One of the two surviving manuscripts of Der minnen loep is kept in Leiden: Universiteitsbibliotheek Leiden, LTK 205. It was made in 1486 in Holland and contains many illustrations. The images often include both an exterior and interior view, which can, in some instances, be connected to specific stages of love. An example is the famous Ovidian story of Pyramus and Thisbe. In the version of the story told by Potter, they were lover who only had seen each other through a small latticed window. When they arranged to meet each other at a well outside of town tragedy struck: Thisbe, who arrived first, encountered a lioness that came to drink at the well. She fled, but left her cloak, which the lioness tore apart with her blooded teeth. After finding the ripped and blooded cloak, Pyramus assumed that his beloved had died and stabbed himself with his sword. When Thisbe came back and found the dead body, she followed him in his death.

Fig. 3 Universiteitsbilbiotheek Leiden, LTK 205, ff. 102v-103r: The deaths of Pyramus and Thisbe.

Potter uses this story as an example of love that never came past the first stage. He warns lovers not to rush but patiently await the second stage. The illustration shows the two dead lovers in a hilly field. In the front we can see the houses of the town, with the latticed windows.

An example of the fourth step is the story of Achilles and Deidamia. Achilles, disguised as a woman, sleeps in Deidamia’s bed and goes, against her will, to the fourth stage. Deidamia is angry with him and only when Achilles leaves she realizes she loves him. The moral of this story about love is of course horrible according to our standards and not something we would find in modern self-help books about love: although violence is not permitted, sometimes a man has to ‘help’ a woman to overcome fear by using a list.

Fig. 4 Universiteitsbilbiotheek Leiden, LTK 205, f. 126r: Achilles and Deidamia in bed.

In the illustration we see the two ‘lovers’ in bed. They are closed off from the public life that is going on outside: some things belong to the privacy of the bedchamber.

[1] Matthew of Vendôme, for example, listed six, and Andreas Capellanus four. See Lionel J. Friedman, “Gradus amoris.” Romance Philology 19 (1965/66): 172.

[2] Dirc Potter, Der minnen loep, ed. Pieter Leendertz (Leiden: Du Mortier, 1846), 180.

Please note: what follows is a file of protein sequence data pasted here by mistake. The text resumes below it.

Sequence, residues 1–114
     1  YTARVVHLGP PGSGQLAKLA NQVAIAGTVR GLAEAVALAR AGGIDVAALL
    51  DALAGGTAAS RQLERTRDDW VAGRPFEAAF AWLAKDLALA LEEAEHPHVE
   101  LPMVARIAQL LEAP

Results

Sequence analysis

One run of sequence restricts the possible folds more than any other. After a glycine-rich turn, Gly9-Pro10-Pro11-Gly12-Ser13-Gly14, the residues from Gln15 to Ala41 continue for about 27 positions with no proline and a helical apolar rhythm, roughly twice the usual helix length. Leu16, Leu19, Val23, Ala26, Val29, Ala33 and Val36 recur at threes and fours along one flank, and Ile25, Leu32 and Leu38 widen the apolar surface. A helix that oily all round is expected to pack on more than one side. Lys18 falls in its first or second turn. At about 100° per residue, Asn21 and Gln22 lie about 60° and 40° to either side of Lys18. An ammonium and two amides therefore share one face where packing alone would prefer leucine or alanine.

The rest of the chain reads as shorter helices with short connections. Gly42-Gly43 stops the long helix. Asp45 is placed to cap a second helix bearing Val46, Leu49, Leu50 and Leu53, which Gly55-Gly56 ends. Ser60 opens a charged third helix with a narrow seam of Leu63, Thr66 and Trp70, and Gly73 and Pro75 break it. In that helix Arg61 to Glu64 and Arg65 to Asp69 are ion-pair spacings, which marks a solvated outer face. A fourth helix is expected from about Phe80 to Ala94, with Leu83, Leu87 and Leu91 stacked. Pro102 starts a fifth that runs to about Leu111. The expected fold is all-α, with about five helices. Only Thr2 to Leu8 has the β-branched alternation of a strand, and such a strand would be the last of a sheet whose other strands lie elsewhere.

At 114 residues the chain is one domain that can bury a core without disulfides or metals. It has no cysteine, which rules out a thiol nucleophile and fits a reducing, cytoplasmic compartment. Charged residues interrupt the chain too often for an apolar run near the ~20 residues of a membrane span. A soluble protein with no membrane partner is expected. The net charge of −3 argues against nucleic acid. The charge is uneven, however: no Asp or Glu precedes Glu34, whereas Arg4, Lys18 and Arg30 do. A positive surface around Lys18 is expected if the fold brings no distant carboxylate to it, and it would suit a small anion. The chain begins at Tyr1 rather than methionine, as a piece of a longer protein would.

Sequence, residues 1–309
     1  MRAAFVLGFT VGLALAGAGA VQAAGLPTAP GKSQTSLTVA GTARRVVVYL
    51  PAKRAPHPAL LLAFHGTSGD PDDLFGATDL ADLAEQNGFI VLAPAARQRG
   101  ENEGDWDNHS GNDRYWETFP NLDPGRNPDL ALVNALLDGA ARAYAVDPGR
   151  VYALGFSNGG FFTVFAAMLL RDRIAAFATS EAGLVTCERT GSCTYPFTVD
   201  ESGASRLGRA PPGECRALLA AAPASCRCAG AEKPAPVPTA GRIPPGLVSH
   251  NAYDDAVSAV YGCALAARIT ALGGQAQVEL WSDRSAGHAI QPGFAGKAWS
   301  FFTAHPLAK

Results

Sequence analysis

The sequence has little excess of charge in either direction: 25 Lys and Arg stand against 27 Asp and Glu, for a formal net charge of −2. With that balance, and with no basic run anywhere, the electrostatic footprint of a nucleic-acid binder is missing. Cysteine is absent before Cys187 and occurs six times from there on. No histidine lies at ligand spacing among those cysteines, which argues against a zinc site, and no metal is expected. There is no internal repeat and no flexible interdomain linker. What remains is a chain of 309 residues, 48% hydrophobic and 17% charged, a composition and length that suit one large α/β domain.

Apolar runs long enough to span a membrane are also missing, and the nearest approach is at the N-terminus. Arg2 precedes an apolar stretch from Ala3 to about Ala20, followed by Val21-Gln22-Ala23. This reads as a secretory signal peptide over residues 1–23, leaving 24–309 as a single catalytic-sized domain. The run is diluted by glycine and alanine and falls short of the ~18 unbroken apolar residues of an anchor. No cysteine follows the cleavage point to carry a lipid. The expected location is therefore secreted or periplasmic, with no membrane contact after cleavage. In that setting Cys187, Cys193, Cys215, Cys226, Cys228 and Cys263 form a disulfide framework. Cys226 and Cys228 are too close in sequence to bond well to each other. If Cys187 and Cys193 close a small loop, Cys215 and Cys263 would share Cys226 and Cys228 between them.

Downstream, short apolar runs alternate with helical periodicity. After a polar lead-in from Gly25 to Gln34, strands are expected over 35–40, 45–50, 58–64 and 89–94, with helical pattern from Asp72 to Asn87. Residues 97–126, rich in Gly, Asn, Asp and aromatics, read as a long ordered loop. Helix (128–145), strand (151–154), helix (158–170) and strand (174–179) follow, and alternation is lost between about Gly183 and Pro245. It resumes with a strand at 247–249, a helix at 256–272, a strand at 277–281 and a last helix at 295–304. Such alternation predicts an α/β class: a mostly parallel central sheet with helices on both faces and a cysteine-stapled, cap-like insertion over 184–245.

[3] “Ibi etenim comparat se sibi ille amplexus et illud osculum, quo cognoscere incipit sponsa, sicut et cognita est.” William of St.-Thierry, Expositio super Cantica Canticorum XX.91, in Guillelmi a Sancto Theodorico Opera omnia. Pars II, ed. Paul Verdeijen, Corpus Christianorum Continuatio Mediaevalis 87 (Turnhout: Brepols 1997), 70; translation: William of St.-Thierry, Exposition on the Song of Songs, transl. Columba Hart (Kalamazoo: Cistercian Publications, 1970), 78.

[4] “Regem in decore suo videbunt oculi eius, praeuntem se ad speciosa deserti, ad flores rosarum et lilia convallium, ad amoena hortorum et irrigua fontium, ad delicias cellarorium et odoramenta aromatum, postremo ad ipsa secreta cubiculi.” Bernard of Clairvaux Sermones super Cantica Canticorum 32.IV.9, in Sancti Bernardi opera I, ed. Jean Leclercq (Rome: Editiones Cistercienses, 1957), 232; translation: Bernard of Clairvaux, On the Song of Songs II, transl. Kilian Walsh (Kalamazoo: Cistercian Publications, 1983), 142.

Images of LTK 205 are reproduced with kind permission of Leiden University Libaries.

© Lieke Smits and Leiden Arts in Society Blog, 2016. Unauthorised use and/or duplication of this material without express and written permission from this site’s author and/or owner is strictly prohibited. Excerpts and links may be used, provided that full and clear credit is given to Lieke Smits and Leiden Arts in Society Blog with appropriate and specific direction to the original content.


Add a comment